Organizing for Good Relationships and Outcomes

  • Demonstrate trust and respect for the people you are working with. In a collaborative that explicitly wanted to bring new funders into a field, for example, a grantmaker whose foundation contributed the majority of the initial funding urged the group to equalize voting rights: “We were definitely not equal partners in terms of resources, but ‘one organization, one vote’ underscored our appreciation of the benefits of shared learning. It also recognized that, even though particular funders may not be able to put in a large amount of money, they have deep experience in the field and bring a lot of knowledge and insight to the table in reviewing the grant applications. So we were happy to share the decision-making power and, in essence, were demonstrating a commitment to partnership.”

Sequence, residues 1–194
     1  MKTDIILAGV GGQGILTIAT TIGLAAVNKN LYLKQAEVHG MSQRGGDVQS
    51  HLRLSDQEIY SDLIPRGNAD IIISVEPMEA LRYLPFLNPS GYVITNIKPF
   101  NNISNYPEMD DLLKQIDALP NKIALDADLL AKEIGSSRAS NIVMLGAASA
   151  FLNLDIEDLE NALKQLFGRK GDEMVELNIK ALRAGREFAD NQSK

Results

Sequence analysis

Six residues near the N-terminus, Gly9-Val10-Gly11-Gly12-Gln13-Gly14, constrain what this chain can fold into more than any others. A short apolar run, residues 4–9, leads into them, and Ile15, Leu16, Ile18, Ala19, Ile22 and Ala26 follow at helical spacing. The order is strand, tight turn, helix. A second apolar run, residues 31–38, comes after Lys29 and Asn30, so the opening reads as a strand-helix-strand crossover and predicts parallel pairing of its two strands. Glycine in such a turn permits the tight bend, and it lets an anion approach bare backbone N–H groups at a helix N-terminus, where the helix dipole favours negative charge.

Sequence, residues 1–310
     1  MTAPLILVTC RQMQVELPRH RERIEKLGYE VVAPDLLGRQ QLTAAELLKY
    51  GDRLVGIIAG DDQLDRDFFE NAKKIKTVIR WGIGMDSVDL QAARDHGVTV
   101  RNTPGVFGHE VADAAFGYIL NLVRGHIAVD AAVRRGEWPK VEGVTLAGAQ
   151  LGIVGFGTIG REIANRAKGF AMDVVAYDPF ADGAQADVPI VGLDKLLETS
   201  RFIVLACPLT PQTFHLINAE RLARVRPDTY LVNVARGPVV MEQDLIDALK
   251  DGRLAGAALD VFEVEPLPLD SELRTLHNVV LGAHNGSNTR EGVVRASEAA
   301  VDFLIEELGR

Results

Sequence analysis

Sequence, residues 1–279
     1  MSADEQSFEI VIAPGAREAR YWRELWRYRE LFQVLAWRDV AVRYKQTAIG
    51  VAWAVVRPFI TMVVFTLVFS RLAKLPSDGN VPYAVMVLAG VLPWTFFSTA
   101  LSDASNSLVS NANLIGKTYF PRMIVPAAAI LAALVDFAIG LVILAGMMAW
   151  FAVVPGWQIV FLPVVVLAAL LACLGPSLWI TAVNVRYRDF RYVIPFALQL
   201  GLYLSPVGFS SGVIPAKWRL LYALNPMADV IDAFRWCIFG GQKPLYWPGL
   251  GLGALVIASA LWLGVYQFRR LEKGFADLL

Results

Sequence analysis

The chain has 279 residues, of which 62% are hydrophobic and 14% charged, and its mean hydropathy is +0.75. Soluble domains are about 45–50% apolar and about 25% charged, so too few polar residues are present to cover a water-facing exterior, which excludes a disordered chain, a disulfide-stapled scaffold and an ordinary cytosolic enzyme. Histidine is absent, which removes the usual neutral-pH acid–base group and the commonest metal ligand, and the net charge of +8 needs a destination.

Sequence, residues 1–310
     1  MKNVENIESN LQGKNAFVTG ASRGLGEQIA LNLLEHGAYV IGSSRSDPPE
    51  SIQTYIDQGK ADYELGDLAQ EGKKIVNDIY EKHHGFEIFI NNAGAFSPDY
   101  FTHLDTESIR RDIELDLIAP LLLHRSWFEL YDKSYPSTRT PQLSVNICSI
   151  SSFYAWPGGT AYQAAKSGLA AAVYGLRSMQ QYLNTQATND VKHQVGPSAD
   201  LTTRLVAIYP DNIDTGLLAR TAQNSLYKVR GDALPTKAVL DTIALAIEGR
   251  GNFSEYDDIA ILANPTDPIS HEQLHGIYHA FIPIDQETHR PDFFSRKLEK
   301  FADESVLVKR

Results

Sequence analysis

• Establish ground rules for handling business and resolving problems early on. “You have to be really clear about the process,” said one funder. “Without it, you can’t mitigate problems when they arise.” And problems do arise, grantmakers attested, even when a collaborative is going well: “We dedicate four hours a month just to untangling difficult issues and figuring out solutions,” said one.

Takeaways are critical, bite-sized resources either excerpted from our guides or written by GrantCraft using the guide's research data or themes post-publication. Attribution is given if the takeaway is a quotation.

This takeaway was derived from Funder Collaboratives.

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